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Green Light to Go After Leftists

Haaretz Editorial
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Journalist Israel Frey last year.
Journalist Israel Frey last year.Credit: Moti Milrod
Haaretz Editorial

It’s becoming increasingly clear that the Netanyahu/Ben-Gvir government will be the most ultranationalist government in Israel’s history. The government hasn’t even been formed yet, but both in the streets and in state institutions, some people already seem to have altered their mindset to match it.

On Monday, ultra-Orthodox journalist and commentator Israel Frey was summoned for questioning after a complaint was filed over his tweets. The specific pretext for the summons was something he tweeted in September. Frey says that due to this tweet, he was even fired last week by DemocraTV, where he worked.

He posted the tweet in question after police caught a Palestinian in Jaffa’s Clock Square with a bomb and gun in his possession. The Palestinian admitted that he planned to carry out a terror attack in Tel Aviv, and Frey praised him for having “looked for legitimate targets and avoided harming the innocent,” even terming him a “hero.”

As in every regime that persecutes its citizens and silences its opponents, in Israel, too, political opinions that run counter to the prevailing mood are suppressed, with help from informants. And indeed, the complaint against Frey was submitted by the B’tsalmo organization, whose profession is persecuting leftists. The complaint alleged that the tweet constituted incitement to terror and violence as well as encouragement and praise of terrorism.

This accusation is ridiculous. Frey’s tweet isn’t incitement to terror and violence, and it’s protected by freedom of expression. That should be especially true in a society as divided and polarized as Israel’s, where the conversation is always tense and rife with racism, generalizations and regular calls for shedding Palestinian and leftist blood.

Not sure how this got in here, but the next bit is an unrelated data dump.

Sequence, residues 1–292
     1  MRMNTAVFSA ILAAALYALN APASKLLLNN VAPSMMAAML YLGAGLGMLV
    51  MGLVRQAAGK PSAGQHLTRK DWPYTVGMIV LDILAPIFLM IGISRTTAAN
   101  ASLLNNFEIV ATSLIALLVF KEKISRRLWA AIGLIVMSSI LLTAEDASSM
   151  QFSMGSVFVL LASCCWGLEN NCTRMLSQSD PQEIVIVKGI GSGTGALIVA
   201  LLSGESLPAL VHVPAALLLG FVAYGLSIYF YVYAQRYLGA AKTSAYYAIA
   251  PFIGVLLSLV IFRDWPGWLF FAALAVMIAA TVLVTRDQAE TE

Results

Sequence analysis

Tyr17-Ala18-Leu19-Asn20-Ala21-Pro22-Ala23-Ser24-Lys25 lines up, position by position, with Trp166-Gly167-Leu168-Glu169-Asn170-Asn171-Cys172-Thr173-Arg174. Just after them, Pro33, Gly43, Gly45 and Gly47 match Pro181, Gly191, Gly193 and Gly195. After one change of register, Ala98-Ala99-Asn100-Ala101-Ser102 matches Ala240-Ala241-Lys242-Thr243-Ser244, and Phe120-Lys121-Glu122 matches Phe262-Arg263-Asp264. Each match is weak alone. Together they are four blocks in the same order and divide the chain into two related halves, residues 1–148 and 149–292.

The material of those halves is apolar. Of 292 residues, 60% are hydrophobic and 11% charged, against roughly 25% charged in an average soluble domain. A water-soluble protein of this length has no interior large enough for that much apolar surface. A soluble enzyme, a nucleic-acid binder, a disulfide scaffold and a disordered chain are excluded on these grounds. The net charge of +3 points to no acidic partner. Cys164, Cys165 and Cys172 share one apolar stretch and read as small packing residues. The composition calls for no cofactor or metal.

In a democratic country, there are no grounds for criminalizing people over remarks that aren’t explicit threats or incitement to violence and putting them on trial over tweets. But in countries where democracy is under assault by the government, freedom of expression and freedom of the press are the first to be harmed. And that’s what is happening in Israel as well.

If so, it’s no surprise that the man slated to become national security minister, Itamar Ben-Gvir, rushed to give the police his backing. The man who is the face of the new government even said on Tuesday that Frey is a supporter of terror. It’s hard to think of a better symbol of Israel’s degeneration – a student of the racist Meir Kahane, an admirer of the murderer Baruch Goldstein, a Kach activist who threatened former Prime Minister Yitzhak Rabin before his assassination, a man who has been indicted dozens of times and convicted eight times, is the one now deciding what is allowed and what isn’t, what is legitimate and what isn’t.

The investigation of Frey is another warning light for Israeli democracy. Even though Ben-Gvir is the man who will soon be supervising them, police would be wise to leave Frey alone and not summon him for questioning again.

The above article is Haaretz’s lead editorial, as published in the Hebrew and English newspapers in Israel.

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